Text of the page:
Braxton came across a great deal while shopping for a new freezer. However, being a good Consumerist, he writes that he went home and researched the product before handing over any money. What he learned was that the freezer had no warranty…a fact that Home Depot conveniently forgot to disclose.
I recently went into my local Home Depot and found a freezer I really like.
I had been looking casually for a while, but this popped up practically
overnight and I thought “SCORE!” I talked to the sales guy and he said they
had several in the back and that they had just got them in. They were on
sale at an “introductory” price.
All sounds good. I figure though, that I
should do my homework before committing any funds. What did I find? The
company that made the freezer went bankrupt back in Sept and declared on
Sept 12th that all warranties were null and void. Home Depot has disclosed
none of this and is obviously trying to sell the last of their stock. They
are basically selling these “as-is”.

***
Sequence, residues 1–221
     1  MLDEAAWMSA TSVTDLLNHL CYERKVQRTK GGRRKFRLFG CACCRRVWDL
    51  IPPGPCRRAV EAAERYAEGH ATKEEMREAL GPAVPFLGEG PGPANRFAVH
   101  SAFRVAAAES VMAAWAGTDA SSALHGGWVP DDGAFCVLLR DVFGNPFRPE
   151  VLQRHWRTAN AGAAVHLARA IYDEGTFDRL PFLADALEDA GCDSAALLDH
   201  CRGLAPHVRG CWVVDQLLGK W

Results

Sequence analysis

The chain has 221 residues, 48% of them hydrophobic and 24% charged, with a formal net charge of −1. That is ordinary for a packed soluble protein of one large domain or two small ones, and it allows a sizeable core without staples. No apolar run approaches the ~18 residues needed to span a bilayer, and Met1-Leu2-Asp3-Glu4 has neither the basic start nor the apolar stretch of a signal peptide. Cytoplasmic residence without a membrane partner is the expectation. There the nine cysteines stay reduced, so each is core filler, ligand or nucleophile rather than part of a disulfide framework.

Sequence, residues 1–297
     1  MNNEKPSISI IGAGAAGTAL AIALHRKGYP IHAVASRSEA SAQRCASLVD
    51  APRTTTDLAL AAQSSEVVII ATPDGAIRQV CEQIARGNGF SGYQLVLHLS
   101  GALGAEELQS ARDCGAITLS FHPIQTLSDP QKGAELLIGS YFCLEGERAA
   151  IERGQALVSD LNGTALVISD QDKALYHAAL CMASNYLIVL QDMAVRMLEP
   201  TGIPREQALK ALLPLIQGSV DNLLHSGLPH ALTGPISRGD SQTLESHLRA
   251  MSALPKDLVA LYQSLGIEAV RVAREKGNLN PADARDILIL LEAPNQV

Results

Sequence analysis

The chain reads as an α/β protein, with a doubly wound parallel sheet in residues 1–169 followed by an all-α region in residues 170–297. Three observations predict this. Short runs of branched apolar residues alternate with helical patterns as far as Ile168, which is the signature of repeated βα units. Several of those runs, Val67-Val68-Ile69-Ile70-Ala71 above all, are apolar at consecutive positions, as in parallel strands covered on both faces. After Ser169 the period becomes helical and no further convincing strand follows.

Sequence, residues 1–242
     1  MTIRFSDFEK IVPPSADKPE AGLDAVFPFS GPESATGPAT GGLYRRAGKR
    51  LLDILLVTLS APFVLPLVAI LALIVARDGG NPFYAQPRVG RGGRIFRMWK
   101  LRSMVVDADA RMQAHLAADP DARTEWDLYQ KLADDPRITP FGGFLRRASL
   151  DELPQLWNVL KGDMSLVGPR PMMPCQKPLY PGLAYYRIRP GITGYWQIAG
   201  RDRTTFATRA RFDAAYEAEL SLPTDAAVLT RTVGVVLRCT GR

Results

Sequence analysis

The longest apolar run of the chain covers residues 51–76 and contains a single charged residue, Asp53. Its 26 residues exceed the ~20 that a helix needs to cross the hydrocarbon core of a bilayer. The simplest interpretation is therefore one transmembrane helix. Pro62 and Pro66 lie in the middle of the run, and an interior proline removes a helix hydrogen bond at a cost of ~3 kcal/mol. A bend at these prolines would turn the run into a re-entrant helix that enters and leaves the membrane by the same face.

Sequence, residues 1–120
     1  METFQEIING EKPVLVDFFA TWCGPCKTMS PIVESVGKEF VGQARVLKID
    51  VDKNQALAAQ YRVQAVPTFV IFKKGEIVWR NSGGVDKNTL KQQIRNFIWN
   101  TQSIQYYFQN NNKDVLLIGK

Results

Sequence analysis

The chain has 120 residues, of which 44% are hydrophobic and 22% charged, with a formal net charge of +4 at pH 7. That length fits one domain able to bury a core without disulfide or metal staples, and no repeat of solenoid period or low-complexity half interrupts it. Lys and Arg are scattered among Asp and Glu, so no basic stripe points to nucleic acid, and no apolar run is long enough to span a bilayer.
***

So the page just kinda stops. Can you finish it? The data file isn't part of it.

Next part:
My questions is, is there any law against this or perhaps one requiring Home Depot to disclose this (if nothing else) as an “as-is” item with no warranty?
Yes. Implied warranty laws differ by state, but they ensure that when consumers buy things, they will work. You can generally expect to bring a freezer home, plug it in, and it will get cold inside. As the FTC explains:
The implied warranty of merchantability is a merchant’s basic promise that the goods sold will do what they are supposed to do and that there is nothing significantly wrong with them.
Saying that a product is sold as-is gets the retailer and manufacturer around that. But that’s the problem. They have to tell you. It would be interesting to know whether Home Depot disclosed the situation to customers as they were about to purchase the freezers–if not, the store could be in some serious trouble.